the lost man chronicles
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the serene harbor of nothingness

It was one of those nights when I could not think straight because my thoughts were scattered and being stretched apart by an assortment of projects, parties to plan and things to do.

In turn, my mind was moosh—a marsh of foggy thoughts, a thick briar of sticky musts and prickly to-dos, as well as a tumultuous sea of salty and swirling ideas that, together, stirred me nauseous and numb and begged for some, if only a little, silence and clarity.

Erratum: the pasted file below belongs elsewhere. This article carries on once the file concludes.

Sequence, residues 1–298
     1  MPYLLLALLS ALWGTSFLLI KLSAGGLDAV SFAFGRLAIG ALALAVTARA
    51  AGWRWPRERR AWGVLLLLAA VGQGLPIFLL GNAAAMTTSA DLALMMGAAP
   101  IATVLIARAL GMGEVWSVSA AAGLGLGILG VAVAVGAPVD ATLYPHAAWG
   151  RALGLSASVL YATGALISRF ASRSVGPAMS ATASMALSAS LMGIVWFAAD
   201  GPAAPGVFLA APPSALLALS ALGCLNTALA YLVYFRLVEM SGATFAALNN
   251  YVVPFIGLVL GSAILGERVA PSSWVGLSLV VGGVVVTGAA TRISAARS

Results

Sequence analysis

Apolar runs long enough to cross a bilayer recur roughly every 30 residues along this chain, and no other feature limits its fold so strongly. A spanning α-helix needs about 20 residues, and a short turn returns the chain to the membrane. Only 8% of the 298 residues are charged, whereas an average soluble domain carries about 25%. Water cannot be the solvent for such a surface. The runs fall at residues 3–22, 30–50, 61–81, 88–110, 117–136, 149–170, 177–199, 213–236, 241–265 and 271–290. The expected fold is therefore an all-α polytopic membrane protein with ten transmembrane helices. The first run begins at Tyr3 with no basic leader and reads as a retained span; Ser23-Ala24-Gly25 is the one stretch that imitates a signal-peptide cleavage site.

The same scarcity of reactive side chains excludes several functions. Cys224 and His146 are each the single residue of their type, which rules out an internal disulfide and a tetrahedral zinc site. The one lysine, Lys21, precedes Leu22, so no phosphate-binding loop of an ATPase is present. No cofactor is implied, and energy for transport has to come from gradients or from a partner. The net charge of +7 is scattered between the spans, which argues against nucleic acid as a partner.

I found solace in simplicity, and vied to minimalize.

First, I stopped trying to read my book, Michel de Montaigne’s tasty and elegant treatise on life, a philosophical meandering that wonders about everything one man could ever muse upon.

Then, I simply sat with my eyes closed and tried not to ponder or wander or pursue anything pensively whatsoever. And for once I didn’t try to be clever or witty or wise; I stopped trying to analyze, contemplate and realize anything anew.

And in an insensate stupor I just sat there—quietly recomposing in the serene harbor of nothingness.

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